Unscrubbing the IRD's Past
People who are concerned about what IRD & Friends have been up to, may want to go back and check out some of the unscrubbed history.
For example, in a few clicks we can learn:
How in 1999 the Accociation for Church Renewal called for the dissolution of the National Council of Churches
"There are signs of new movements toward Christian cooperation and understanding, including the Evangelicals and Catholics Together statements, the Celebrate Jesus 2000 movement, and emerging grassroots ecumenism. The NCC is entirely irrelevant to the new ecumenism," said David Runnion Bareford of the Biblical Witness Fellowship (United Church of Christ).
And we see here, as of 2002, the list of member organizations in the Association for Church Renewal.
And here, in 2002, is the IRD board of directors, which included no less than six prominent Catholics:
Mrs. Mary Ellen Bork, Dr. J. Budziszewski, Associate Professor, University of Texas at Austin, Dr. Robert George, Professor, Princeton University, The Rev. Richard J. Neuhaus, The Institute on Religion and Public Life, Mr. Michael Novak, George Frederick Jewett Scholar, American Enterprise Institute, Mr. George Weigel, Senior Fellow, Ethics and Public Policy Center
As noted above, Andrew Weaver reported that these, and other neoconservative Catholic leaders have been the leading faction in IRD from early on; helping goad conservative factions in the liberal protestant churches to the point of schism. Weaver writes:
IRD constitutes the most grievous breach in ecumenical good will between Roman Catholics and Protestants since the changes initiated by Vatican II.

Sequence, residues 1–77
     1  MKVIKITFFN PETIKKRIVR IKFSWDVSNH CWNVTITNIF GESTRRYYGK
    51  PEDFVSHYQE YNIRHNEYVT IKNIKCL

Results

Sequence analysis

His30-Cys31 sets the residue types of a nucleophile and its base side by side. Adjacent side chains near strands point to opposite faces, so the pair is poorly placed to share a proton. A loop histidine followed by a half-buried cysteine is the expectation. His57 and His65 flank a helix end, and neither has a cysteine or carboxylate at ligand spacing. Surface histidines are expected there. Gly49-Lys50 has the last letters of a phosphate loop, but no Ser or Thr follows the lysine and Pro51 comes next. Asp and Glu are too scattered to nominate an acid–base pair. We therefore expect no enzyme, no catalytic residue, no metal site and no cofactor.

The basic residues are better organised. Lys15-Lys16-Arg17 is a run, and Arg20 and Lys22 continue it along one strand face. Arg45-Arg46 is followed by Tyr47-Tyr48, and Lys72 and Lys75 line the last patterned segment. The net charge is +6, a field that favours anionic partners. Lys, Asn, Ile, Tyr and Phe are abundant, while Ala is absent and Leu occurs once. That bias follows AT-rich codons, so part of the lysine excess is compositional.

But even as we take a look back, it is worth observing that things have not been going well for IRD and thier allies lately.
IRD et al, suffered some big losses at the recent Methodist General Conference; and one long time Methodist renewal leader has been exposed as not only a crack-pot, but apparently a crook as well. The shocking views and activities of IRD/Anglican hero Peter Akinola are increasingly coming to the fore. And, of course, the film Renewal or Ruin? The Institute on Religion and Democracy's Attack on the United Methodist Church continues to receive a wide audience, and it has been easy to rebut their sputtering propagandistic responses.
The truth is that the jig is up.
The IRD's campaign to disrupt and divide the mainline protestant denominations over the past generation is becoming increasingly well-understood by those who have been most affected by it. And while the IRD's patrons will no doubt continue to underwrite the war of attrition against the mainline churches, their efforts are at long last, being met with widespread resistance.
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